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Learning disabilities: Invisible no more

Recommendations to build evidence-based effective action for people with learning disabilities in Scotland

Over the last 15 months, the Fraser of Allander Institute has looked at evidence and policy for adults with learning disabilities in Scotland. Overwhelmingly, we have found that the evidence on which to base effective policy to improve the outcomes for people living with a learning disability is severely lacking. In this report, we bring together our key findings from the Institute’s research so far, and set out a number of recommendations to improve learning disability policy.

At the root of effective policy is evidence. Without better data to underpin policy making, Scottish Government ambitions to improve the lives of adults with learning disabilities are unlikely to be realised.

The 6 recommendations that we have set out could make a significant difference in building better policy and on understanding its impact over time. There are opportunities on the horizon to implement these recommendations that should be grasped to move further towards a Scotland where people with learning disabilities and their families can realise their rights and live as an included and valued part of society.

Recommendations from our programme of work

1. The Scottish Government should recognise that current data is not fit for purpose and that data on adults with learning disabilities should not be used unless appropriately caveated. The Scottish Government should examine approaches to build on existing data to enable understanding of the requirements of people with learning disabilities throughout their life course and to build evidence on whether people are able to realise their human rights.

2. It is important to have a robust baseline of support that is available in terms of financial resources, eligibility and experience of the current social care system. These aspects need to be monitored to understand what is changing, and the impact that this is having on the people that draw on these services. The Scottish Government should take responsibility for this now to ensure that the impact of the new National Care Service can be monitored and evaluated.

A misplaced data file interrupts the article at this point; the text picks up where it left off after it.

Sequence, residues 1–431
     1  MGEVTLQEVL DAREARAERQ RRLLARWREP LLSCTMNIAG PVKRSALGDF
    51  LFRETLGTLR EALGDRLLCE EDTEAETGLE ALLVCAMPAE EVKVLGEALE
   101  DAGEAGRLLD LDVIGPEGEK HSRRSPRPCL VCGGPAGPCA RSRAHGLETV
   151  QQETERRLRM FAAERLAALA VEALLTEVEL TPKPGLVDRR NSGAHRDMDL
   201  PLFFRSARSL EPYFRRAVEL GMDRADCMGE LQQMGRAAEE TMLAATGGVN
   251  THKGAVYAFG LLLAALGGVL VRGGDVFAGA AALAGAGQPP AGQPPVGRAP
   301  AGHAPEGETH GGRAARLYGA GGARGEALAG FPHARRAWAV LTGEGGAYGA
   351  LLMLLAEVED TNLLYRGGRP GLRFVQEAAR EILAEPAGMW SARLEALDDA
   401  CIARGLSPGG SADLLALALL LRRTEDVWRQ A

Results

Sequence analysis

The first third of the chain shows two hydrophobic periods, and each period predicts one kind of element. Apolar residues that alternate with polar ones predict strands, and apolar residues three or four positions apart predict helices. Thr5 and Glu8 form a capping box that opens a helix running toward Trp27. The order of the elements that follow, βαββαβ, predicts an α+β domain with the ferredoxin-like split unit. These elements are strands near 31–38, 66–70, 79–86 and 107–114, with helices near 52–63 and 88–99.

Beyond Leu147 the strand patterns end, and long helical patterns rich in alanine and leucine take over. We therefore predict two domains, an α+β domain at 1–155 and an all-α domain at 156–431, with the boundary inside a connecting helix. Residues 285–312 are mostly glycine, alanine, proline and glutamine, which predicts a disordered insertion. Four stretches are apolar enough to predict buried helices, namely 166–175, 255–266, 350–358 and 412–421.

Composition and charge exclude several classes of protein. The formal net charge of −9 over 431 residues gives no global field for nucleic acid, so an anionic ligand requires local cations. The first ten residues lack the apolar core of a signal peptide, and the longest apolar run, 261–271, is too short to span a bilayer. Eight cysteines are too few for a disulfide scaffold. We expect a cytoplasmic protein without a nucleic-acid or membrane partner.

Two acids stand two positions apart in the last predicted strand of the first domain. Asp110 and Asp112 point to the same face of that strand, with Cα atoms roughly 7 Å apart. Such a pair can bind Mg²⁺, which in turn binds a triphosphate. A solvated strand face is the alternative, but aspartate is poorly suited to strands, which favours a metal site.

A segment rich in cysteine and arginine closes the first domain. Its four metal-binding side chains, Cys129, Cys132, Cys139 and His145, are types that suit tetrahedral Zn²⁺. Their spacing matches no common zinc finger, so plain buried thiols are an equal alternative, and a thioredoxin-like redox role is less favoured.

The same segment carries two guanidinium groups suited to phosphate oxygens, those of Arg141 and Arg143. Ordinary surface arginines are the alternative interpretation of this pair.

3. The Scottish Government must ensure that reforms to Carers Allowance and the National Care Service are considered together so as to provide an integrated package that allows genuine choices for unpaid carers and those who draw on unpaid care support.

4. The Scottish Government should carry out an audit of the current employability support schemes on offer in each part of Scotland for people with learning disabilities, and the routes that people come through to access them. This will ensure a shared understanding across Scotland so that new localised schemes are aware of what they have to build on, can ensure good practice is not lost, and gaps in provision are identified. Robust monitoring and evaluation of outcomes for people with learning disabilities is crucial, including follow-up after 12 months to measure sustained outcomes.

5. The Scottish Government should ensure that reforms, including No One Left Behind and the National Care Service, provide specific proposals that ensure changes made will improve transitions for young people with disabilities. The implementation of these changes should be monitored and the experience of young people with disabilities during the transition period should be routinely captured as part of monitoring and evaluation.

6. The Covid-19 inquiry should consider in detail the damage done during Covid-19, both in terms of the impact on services provided and the experience of life for people with learning disabilities and their families to inform improvements in the future.

Authors

Emma is a Knowledge Exchange Fellow at the Fraser of Allander Institute

Knowledge Exchange Associate at the Fraser of Allander Institute

Part of Collection

The Fraser of Allander Institute is delighted to embark on this long-term project aiming to shine a light on the support systems in place for adults with learning disabilities in Scotland – both from government and wider society.